I guess then it comes down to personal definition. But if it is all horror, then everything is the same, and we have returned to a sort of ultra-dense single point of literature where everything is represented by a solitary syllable or letter or point of darkness like the one at the end of this sentenc. Of course then we still have the magnetic monopole problem.



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Rhys
Posted on Wednesday, September 01, 2004 - 03:43 am:   

Jane Austen certainly counts as horror... I felt depressed having to read her and that depression made me feel anxious and that anxiety soon became panic -- which is a form of fear... and fear is what 'horror writers' attempt to induce...

But seriously I just find Jane Austen's prose style a bit stiff compared with the prose style of (for instance) her near contemporary Fanny Burney and many other female writers of that period (Charlotte Dacre as another example).
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Tamar
Posted on Wednesday, September 01, 2004 - 04:14 am:   

There's no poetry in it, that's for sure, though to my mind it has a wonderfully poised ironic tone.

Anyway, you're in good company, Rhys. Charlotte Bronte couldn't stand her!
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Brendan
Posted on Wednesday, September 01, 2004 - 08:52 am:   

I don’t think her prose style is stiff. I think it is very lucid. It has a certain nobility to it that has never been achieved by any other writer in any language. For English manners, Austin is the champion, just as Crébillon fils is for French. We can understand English upper-class life better from reading Austin than from any other writer of fiction the period - and the only non-fiction authors within a hundred years of her which can be stylistically called her equals are Samuel Johnson and Thomas Carlyle. Outside of the Latin authors (Sallust, Quintus Curtius, etc.) these three are the only I would call "stylistically impeccable" in any language; and of these Jane Austin is the only one who writes fiction.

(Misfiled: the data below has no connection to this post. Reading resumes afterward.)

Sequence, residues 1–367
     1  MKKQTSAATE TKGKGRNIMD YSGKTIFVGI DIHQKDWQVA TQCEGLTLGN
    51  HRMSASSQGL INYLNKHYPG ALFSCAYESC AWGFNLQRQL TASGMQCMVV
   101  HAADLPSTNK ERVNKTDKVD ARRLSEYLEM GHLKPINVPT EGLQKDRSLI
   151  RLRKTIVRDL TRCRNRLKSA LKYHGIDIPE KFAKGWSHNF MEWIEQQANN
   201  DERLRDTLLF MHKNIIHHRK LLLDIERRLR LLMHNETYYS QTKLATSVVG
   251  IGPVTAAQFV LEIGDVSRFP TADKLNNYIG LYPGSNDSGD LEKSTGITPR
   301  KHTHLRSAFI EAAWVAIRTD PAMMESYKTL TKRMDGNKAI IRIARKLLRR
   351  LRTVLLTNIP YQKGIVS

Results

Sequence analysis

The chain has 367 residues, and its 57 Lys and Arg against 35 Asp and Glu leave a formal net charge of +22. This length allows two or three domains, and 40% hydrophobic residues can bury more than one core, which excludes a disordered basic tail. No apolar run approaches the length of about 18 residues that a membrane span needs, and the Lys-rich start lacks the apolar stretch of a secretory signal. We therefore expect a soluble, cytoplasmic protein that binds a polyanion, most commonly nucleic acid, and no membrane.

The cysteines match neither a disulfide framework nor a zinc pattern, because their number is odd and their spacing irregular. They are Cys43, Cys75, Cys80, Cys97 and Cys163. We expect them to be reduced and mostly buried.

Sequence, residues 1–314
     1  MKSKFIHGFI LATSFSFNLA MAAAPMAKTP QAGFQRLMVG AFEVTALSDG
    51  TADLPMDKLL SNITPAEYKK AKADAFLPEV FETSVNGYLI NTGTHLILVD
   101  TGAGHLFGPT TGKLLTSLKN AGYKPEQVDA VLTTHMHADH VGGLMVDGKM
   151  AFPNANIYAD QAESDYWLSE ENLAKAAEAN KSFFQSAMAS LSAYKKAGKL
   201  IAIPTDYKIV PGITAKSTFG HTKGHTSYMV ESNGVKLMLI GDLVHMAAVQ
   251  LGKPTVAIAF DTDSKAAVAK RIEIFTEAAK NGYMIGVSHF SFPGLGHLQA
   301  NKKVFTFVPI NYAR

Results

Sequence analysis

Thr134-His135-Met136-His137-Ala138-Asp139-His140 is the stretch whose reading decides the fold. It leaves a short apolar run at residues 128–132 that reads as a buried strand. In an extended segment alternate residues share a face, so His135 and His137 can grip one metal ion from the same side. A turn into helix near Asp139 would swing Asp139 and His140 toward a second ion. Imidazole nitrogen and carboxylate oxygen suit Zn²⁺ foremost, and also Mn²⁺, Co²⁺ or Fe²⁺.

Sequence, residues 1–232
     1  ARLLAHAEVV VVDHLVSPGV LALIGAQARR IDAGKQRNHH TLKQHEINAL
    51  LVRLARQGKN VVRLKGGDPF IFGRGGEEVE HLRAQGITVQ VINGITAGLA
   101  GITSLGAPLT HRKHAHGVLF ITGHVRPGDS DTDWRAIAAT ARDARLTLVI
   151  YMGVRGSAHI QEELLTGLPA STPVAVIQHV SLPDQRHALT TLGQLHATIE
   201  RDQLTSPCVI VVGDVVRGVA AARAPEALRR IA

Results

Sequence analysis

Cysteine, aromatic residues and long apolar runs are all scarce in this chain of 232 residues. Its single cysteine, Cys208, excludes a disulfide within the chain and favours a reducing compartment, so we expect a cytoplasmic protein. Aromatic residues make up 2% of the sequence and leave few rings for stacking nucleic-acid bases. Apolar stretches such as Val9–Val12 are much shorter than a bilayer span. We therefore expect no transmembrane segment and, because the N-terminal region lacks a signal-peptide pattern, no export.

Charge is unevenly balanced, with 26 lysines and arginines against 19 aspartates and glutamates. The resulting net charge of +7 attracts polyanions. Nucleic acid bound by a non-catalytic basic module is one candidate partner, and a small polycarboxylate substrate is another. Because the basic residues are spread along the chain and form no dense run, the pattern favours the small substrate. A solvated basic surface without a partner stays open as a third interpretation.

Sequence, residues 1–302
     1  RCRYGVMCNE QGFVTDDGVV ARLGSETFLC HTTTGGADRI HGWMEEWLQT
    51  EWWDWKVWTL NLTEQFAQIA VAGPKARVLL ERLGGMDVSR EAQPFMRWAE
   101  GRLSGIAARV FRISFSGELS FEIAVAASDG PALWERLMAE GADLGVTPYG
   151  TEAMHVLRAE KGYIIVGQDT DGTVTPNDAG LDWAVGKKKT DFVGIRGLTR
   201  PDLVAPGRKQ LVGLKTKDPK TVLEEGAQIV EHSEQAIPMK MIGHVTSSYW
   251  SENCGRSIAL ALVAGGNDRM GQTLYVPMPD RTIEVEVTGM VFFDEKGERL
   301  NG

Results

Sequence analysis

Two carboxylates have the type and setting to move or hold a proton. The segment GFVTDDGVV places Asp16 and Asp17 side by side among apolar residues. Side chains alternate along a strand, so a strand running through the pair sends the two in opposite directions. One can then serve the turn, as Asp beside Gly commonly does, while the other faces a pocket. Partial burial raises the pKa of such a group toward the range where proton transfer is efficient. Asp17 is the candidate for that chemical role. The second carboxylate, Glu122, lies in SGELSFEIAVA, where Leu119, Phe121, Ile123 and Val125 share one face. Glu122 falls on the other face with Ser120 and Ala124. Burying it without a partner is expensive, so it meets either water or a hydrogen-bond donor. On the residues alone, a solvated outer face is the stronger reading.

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des
Posted on Wednesday, September 01, 2004 - 09:21 am:   

Brendan, your post above is one *amazing* statement.
des
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Brendan
Posted on Wednesday, September 01, 2004 - 09:53 am:   

Thanks Des.

I would like to add one footnote: I am not sure that the criticism of comparing Austin to other female writers is valid. It seems better to me to simply address an author as an author without worrying about the sex issue. Writing, after all, should not be like the Olympics where women and men are divided into different categories.

After all, in Nemonymous . . . :-)
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Rhys
Posted on Thursday, September 02, 2004 - 04:38 am:   

I've never heard of Crébillon, but now I have an urge to seek out this author.

Jane Austen certainly excels at the psychology of character interaction, which I guess makes her a very good writer by the standards by which literature is judged. Maybe the fault is mine: I don't require profound character interaction in fiction (I prefer it in real life). I just find her work boring -- there's no passion in her books, not even cold cerebral passion...